Posted on Jul 3rd 2011 06:32 pm

Filed in Interviews | Tags: ,
Comments (0)


Born of Croatian parents, both musicians, and raised in Sweden, trumpet player Goran Kajfeš has played with an impressive number of musicians and artists of international stature. As a solo musician, he has released two albums and his third, X/Y, a double album presenting two very different sides of his work, has just been published. We took the opportunity to talk with him about how his Balkan roots and Scandinavian upbringing influence his work, working with megastars, and how the two distinct sides of his new album are in fact complimentary.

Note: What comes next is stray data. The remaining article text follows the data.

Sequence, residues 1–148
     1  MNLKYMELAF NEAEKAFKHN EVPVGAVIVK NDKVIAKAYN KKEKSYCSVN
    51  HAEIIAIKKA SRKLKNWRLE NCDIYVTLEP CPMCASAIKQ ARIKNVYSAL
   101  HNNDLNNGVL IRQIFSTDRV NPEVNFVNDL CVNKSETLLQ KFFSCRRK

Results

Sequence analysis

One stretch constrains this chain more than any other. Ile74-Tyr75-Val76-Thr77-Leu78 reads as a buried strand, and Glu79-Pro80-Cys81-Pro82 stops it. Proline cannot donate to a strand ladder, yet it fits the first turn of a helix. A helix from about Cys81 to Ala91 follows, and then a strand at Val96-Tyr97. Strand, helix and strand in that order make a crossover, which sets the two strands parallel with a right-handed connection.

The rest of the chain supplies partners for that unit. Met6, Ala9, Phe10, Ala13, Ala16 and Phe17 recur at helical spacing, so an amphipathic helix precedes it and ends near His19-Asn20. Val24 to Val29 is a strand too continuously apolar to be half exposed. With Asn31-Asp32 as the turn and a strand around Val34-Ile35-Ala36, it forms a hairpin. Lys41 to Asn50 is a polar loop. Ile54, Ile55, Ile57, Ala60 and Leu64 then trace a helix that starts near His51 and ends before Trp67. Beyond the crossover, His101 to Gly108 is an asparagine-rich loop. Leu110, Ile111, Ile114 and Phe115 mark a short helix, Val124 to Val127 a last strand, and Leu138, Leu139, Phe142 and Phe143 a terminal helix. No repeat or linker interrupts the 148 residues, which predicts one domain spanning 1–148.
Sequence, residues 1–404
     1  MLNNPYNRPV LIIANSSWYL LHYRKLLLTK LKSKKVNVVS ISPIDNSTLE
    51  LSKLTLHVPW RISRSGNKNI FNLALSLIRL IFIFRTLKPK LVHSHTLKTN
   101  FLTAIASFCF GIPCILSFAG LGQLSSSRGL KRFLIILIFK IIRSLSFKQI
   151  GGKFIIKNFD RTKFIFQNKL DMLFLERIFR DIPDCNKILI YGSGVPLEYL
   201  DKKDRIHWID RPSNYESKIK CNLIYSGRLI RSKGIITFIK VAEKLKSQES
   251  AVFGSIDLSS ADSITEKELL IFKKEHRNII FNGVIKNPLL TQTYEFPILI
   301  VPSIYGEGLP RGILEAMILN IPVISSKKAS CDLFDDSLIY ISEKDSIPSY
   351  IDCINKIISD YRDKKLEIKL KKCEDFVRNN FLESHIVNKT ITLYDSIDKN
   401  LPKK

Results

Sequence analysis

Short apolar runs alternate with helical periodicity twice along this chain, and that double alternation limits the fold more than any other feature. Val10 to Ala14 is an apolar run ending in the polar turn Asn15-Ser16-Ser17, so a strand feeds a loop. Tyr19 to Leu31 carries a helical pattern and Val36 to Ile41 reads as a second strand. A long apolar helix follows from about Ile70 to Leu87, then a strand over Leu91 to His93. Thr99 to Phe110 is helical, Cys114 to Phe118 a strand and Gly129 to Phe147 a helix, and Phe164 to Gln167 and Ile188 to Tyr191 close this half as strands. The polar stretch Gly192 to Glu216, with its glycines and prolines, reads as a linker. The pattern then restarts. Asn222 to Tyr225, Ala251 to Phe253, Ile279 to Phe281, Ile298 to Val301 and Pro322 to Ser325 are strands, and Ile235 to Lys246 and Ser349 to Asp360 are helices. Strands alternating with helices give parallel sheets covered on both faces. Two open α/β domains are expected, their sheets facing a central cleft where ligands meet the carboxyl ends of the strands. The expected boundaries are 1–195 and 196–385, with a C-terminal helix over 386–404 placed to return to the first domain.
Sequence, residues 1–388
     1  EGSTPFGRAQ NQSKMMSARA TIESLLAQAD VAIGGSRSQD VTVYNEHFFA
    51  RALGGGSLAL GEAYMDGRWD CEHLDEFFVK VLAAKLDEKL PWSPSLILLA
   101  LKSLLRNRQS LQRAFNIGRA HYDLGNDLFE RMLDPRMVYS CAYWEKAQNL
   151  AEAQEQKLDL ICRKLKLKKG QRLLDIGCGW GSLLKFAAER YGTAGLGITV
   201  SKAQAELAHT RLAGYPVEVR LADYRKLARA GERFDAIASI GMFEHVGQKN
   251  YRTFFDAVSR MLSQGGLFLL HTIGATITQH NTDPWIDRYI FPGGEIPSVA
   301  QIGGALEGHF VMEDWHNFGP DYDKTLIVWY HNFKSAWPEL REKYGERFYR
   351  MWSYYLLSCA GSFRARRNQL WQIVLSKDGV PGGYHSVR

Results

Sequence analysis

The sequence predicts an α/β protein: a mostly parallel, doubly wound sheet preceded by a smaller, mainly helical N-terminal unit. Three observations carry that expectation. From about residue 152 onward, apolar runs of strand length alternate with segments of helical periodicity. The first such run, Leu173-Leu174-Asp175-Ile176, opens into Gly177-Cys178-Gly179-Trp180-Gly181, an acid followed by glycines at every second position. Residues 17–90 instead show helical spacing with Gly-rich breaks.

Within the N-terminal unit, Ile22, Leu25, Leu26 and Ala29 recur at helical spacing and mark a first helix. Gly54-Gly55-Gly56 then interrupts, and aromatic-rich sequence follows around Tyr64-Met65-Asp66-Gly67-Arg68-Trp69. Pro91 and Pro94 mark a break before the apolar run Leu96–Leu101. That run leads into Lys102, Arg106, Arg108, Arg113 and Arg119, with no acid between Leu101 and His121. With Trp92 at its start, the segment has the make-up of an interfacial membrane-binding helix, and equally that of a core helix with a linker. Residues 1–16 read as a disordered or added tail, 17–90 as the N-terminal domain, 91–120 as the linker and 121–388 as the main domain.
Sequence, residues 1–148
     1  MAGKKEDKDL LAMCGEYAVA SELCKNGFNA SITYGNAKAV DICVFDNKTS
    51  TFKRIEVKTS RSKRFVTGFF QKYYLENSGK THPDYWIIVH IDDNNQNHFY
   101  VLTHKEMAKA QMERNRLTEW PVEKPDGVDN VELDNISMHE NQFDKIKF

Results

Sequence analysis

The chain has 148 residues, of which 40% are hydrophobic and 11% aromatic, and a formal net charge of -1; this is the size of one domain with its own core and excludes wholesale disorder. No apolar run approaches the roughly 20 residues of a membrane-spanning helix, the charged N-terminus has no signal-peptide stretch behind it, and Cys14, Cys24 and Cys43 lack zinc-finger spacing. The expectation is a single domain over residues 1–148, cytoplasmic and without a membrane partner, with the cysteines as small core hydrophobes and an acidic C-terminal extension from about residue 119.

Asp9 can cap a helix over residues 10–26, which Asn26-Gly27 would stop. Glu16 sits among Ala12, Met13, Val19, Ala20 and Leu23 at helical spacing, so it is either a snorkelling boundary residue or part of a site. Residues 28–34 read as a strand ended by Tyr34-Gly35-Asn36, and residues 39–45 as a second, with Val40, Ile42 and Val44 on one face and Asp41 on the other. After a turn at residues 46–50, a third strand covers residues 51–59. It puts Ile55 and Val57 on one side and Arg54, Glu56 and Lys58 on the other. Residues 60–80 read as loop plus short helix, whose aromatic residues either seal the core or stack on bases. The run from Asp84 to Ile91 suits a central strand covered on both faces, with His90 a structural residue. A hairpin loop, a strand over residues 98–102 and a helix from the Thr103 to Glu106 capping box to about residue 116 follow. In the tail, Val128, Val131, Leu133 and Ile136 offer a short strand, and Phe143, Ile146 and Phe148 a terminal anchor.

You are of Croatian origin, although you grew up in Sweden. Can you tell us about your background and how it influences your work?
My background has made me a bit rootless and I think (and hope) you can hear that when you listen to my music. The Balkan tonalities and odd time signatures has more and more become a natural part of my music even if my parents didn’t listen so much to the music of their origin when I was young. Mom was a great kolo dancer (ed: a collective folk dance danced in Bosnia, Serbia and Croatia) though so it probably came in the blood. At the same time the Scandinavian sense for sound and darker moods is rooted pretty strongly in everything I do. I like to travel in my music and find new places and sometimes I’m even up for leaving this planet in a rickety old UFO.